The CDFG/USBR MLR model includes HYDROLOGY and TIME (year) as independent variables and ABUNDANCE INDICES as the dependent variable. It also incorporates corrected splittail abundance data (Rempel 2001). We consider this statistical approach superior to the previous practice of using unstratified Mann-Whitney U-tests (Meng and Moyle 1995; Sommer et al. 1997) because it does not require arbitrarily dividing an inherently continuous data set into “before” and “after” categories (see previous discussion of this issue in 66 FR 43145). We also consider the CDFG/USBR MLR model superior to the permutation-based, exact calculations of p-values for stratified Mann-Whitney U-tests discussed in 66 FR 43145 because of substantive scientific issues raised by Rempel (2001), Michny (2001) and others, specifically, that such an analysis inappropriately combines results from differing survey methods (i.e. midwater trawl, otter trawl, beach seine, salvage) and considers primarily adult age class splittail. We further consider the CDFG/USBR MLR model superior to the polynomial regression model presented in 66 FR 43145 because existing abundance index monitoring programs have not been conducted for a sufficient duration to provide for reasonably conclusive application of the polynomial model (as concluded in 66 FR 43145). We also support use of the CDFG/USBR MLR model because of the facility with which it can be applied to all sets of splittail age class data from all seven abundance monitoring data sets (a total of 20 discrete sets of age-specific abundance monitoring data). Lastly, we have omitted the exponential decay model found in 66 FR 43145 because: (1) It was found by respondents to be insufficient to describe interactions in a complex aquatic ecosystem; and (2) the CDFG Mann-Whitney U-test results upon which the exponential decay calculation was based have since been superceded by the CDFG/BOR MLR model.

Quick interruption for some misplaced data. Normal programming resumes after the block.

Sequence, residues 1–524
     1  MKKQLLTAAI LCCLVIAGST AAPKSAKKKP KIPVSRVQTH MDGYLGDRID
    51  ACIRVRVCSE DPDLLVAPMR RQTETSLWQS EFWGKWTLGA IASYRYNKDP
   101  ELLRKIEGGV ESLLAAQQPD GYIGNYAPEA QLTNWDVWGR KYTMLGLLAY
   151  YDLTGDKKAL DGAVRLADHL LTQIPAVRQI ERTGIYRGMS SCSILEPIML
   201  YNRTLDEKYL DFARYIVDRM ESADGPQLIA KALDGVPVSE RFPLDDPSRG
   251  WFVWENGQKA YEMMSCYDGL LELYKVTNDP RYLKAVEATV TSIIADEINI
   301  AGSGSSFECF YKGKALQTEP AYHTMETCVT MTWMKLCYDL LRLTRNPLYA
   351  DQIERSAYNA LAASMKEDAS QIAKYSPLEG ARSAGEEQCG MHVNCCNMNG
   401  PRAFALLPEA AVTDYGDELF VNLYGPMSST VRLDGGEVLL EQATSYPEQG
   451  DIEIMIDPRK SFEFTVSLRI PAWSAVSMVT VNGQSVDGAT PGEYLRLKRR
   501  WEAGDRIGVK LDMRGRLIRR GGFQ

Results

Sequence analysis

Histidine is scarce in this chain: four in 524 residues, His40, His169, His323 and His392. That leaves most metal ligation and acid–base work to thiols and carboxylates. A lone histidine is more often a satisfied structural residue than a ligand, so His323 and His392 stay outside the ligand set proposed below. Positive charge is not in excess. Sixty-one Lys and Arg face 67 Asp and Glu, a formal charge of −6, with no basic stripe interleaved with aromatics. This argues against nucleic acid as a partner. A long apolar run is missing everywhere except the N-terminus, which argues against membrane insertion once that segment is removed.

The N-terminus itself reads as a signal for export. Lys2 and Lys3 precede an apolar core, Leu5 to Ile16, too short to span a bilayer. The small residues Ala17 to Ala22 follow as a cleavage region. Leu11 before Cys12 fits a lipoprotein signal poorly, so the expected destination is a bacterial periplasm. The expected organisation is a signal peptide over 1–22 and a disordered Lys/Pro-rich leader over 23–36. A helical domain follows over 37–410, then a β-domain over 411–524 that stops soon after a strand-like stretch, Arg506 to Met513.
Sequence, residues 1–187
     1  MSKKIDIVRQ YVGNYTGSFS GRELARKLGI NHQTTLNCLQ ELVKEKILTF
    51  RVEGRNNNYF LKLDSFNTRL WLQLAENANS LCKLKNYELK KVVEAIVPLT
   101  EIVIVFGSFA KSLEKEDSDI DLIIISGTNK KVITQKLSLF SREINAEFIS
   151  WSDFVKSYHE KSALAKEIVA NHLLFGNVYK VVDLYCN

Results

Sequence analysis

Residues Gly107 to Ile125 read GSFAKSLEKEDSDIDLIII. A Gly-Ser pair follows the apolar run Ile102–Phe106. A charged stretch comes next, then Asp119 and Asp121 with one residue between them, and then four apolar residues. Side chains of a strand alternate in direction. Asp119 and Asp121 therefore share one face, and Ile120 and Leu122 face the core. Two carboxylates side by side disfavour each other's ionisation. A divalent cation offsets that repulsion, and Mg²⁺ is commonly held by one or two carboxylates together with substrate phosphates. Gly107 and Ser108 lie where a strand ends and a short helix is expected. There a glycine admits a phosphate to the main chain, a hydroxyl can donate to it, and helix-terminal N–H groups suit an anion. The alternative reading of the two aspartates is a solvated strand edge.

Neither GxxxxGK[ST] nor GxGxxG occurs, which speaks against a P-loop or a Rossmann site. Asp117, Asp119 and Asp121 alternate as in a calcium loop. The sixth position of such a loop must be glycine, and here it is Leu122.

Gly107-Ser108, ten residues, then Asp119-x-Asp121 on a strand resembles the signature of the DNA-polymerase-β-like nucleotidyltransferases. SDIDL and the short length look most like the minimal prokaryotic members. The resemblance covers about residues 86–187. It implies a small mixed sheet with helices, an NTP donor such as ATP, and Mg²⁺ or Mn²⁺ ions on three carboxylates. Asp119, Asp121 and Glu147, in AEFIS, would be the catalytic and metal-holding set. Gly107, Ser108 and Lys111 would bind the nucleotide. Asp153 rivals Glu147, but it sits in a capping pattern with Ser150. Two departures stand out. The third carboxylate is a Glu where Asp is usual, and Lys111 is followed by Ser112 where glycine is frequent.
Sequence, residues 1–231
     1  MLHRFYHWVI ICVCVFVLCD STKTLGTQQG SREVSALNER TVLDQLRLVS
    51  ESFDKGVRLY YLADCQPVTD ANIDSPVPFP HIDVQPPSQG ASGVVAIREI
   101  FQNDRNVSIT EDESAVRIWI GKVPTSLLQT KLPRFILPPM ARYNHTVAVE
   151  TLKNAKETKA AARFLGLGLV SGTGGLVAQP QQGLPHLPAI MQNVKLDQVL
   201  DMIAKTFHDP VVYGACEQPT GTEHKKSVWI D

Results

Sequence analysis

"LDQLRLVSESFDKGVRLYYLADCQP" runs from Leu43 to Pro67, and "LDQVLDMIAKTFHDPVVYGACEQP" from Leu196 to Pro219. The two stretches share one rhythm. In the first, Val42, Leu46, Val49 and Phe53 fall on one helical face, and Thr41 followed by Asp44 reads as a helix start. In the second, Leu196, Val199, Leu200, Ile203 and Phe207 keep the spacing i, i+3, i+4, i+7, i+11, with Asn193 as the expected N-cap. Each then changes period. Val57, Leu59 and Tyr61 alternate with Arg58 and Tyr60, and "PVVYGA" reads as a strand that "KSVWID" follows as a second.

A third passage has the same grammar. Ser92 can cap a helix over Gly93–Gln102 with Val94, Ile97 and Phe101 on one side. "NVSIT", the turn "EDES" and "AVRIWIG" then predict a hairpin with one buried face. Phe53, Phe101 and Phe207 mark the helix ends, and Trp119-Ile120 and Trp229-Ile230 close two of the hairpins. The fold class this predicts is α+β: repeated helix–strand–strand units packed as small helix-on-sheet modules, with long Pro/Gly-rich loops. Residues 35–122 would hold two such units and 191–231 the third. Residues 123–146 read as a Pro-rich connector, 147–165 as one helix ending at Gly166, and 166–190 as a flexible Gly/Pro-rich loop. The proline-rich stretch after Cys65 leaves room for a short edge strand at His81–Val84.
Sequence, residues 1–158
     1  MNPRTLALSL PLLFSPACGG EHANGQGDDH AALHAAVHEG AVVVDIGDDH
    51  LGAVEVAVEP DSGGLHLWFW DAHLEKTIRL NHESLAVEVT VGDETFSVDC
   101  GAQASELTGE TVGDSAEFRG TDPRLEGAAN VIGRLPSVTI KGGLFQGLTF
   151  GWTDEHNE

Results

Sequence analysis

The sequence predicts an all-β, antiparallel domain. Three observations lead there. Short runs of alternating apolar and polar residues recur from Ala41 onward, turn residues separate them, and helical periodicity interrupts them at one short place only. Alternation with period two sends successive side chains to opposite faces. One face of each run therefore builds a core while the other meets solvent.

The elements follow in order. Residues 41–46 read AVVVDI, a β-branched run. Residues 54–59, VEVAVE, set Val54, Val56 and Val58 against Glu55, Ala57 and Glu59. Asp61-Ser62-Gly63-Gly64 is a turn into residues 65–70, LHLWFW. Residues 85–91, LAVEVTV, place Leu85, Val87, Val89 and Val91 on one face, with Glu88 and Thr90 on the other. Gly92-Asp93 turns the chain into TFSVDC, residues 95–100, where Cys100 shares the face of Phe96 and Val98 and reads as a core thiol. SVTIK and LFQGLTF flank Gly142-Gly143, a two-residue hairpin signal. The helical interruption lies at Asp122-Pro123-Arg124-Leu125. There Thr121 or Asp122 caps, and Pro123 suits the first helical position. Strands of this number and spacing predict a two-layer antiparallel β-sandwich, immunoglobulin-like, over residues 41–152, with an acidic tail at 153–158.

The CDFG/USBR MLR model explicitly controls for potential confounding effects of hydrological year type, the factor that is nearly unanimously viewed as the single strongest predictor of splittail year class strengths (e.g., Moyle et al. 2001 in prep.), by utilizing the number of days total delta inflow (DAYFLOW, California Department of Water Resources) exceeds 1,558 cubic meters per second (cms) (55,000 cubic feet per second (cfs)) during the February through May spawning/rearing period as a predictor (independent variable). This is conceptually comparable, yet superior, to the stratified Mann-Whitney U-tests presented in 66 FR 43145, which also controlled for hydrological year type. There is, however, one potentially important assumption associated with the CDFG/USBR MLR model that remains untested: The assumption that there is a lack of interaction between the HYDROLOGY and TIME variables. The CDFG/USBR MLR model assumes that the long term probabilities of high and low Delta inflow years are not systematically changing over time. If in fact those probabilities are systematically changing over time (due to either changing climate or changing water management policy), the coefficients for the TIME variable would be incapable of detecting the influence of the potentially changing HYDROLOGY component of splittail abundance trends. We believe this assumption can and should be tested against existing longitudinal hydrological data bases, with future changes to be determined once: (1) Sufficient splittail abundance data exist to ensure conclusive application of the polynomial model (i.e. multiple peaks and troughs); and (2) the cumulative expected hydrologic effects of potential large-scale water resource projects (i.e. potential projects such as the Folsom Dam reoperation and height increase, Shasta Dam height increase, Sites Reservoir, Colusa Basin off stream storage, increased pumping at export facilities, etc.) are more clearly understood. These potential future actions, and possibly long term climate changes, may appreciably change the timing, duration, magnitude and/or frequency of floodplain inundation within the splittail's range, thus influencing future population trends.